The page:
Travis Wear missed his second straight game because of a skin infection on his left foot that could be related to an injury suffered while snorkeling in Hawaii last month.
Fellow sophomore forward David Wear scored a career-high 15 in his twin's absence.
Howland said Travis Wear, the Bruins' second-leading scorer (10.6 points per game), probably will return Tuesday against UC Irvine (2-8).
The Aggies missed 42 of 55 shots, so there were plenty of rebounds to grab and UCLA grabbed more for a change, outrebounding UC Davis, 50-34.
Guard Tyler Lamb had career highs in rebounds (nine) and assists (seven), and Smith was one point short of a career high, but his mostly-dominant 21 minutes of playing time stood out more.
That's the most the 6-foot-10, 305-pound Smith, who's struggled with conditioning, has played since logging 22 minutes against Chaminade on Nov. 21, and he said he could've played more.
"I know it's going to be my issue the whole year until I get in great physical shape," Smith said.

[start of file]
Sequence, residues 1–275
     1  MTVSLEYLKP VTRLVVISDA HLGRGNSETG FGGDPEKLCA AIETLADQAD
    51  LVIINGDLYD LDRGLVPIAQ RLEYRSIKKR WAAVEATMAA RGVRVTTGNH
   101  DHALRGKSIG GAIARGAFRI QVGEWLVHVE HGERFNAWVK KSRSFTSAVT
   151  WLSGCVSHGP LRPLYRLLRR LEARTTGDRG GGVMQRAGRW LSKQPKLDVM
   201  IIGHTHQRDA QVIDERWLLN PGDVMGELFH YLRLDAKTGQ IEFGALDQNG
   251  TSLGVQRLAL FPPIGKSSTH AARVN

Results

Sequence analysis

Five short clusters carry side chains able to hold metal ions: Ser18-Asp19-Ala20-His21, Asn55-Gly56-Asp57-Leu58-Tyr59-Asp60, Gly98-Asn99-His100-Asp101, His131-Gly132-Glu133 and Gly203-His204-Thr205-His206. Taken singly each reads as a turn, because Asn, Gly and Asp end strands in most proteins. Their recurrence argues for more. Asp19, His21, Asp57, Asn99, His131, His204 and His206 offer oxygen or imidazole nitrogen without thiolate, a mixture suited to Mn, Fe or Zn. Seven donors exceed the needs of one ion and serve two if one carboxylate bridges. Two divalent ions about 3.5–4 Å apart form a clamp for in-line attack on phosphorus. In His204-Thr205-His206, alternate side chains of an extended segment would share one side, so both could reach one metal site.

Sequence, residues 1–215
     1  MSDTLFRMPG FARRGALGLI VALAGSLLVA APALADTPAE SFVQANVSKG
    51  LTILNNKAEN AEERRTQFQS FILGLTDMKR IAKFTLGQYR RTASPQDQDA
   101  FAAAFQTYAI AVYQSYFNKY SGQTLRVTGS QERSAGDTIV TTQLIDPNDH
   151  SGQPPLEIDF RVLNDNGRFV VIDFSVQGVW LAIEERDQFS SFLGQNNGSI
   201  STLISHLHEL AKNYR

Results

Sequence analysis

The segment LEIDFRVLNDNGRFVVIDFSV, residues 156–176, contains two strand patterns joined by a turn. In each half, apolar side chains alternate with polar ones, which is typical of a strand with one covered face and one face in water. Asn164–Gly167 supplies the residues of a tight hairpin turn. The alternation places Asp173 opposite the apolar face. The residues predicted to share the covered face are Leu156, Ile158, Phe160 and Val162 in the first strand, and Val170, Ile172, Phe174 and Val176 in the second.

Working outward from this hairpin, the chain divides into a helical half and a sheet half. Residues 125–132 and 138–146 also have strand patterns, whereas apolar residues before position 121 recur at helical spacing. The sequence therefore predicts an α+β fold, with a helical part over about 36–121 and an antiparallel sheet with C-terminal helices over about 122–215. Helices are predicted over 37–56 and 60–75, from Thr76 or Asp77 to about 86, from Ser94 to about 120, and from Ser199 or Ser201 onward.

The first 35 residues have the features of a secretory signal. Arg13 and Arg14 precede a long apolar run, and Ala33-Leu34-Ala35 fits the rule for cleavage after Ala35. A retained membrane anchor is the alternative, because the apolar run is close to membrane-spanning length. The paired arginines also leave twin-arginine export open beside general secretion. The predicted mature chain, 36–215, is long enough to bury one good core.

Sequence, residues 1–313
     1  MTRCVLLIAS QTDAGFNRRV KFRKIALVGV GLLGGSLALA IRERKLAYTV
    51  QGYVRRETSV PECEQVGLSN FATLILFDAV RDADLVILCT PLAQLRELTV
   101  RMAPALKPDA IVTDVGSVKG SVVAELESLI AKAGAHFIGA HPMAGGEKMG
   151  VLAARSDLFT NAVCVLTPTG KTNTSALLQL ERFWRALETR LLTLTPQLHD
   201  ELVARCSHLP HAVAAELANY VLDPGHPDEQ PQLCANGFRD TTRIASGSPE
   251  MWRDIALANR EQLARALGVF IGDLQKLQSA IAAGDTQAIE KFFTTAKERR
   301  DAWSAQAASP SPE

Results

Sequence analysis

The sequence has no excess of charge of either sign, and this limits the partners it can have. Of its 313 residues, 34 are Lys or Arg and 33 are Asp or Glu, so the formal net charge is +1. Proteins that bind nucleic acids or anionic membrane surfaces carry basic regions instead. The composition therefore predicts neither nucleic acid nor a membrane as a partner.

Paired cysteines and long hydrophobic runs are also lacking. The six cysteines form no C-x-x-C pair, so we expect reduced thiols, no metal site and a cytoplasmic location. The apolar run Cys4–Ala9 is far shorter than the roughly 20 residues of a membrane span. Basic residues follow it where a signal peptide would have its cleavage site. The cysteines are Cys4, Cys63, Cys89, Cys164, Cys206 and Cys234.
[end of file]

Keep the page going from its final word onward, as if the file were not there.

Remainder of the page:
Smith said he feels "great" compared to earlier this season and that tweaking his diet — not what or how much he eats, but when he eats — has helped.
"Like, before I go to class, grabbing a banana, a water, just to take to get it in you so you're not going straight to practice just empty-bellied," Smith said.
That's a small change compared to what the team has dealt with in losing Nelson.
But minus one key element — the Bruins have improved their record.
Said Smith: "We're kind of getting our chemistry back."
Five observations: UCLA 82, UC Davis 39
By Peter Yoon
ESPNLA.com, UCLA Report
December, 17, 2011 5:24 PM PT
ANAHEIM--It took a game against hapless UC Davis, but UCLA seemed to finally rediscover its identity in a dominating 82-39 non-conference victory over the Aggies Saturday at the Honda Center.
The Bruins played staunch defense and center Joshua Smith showed signs of emerging from a season-long slump as the Bruins (5-5) won their third consecutive game and reached .500 for the first time this season.
It was UCLA's largest margin of victory since a 103-62 victory over Wyoming on Dec. 23, 2008. That it came against UC Davis (1-9) is a bit of a disclaimer because the Aggies have lost six consecutive games and have defeated only Division III UC Santa Cruz.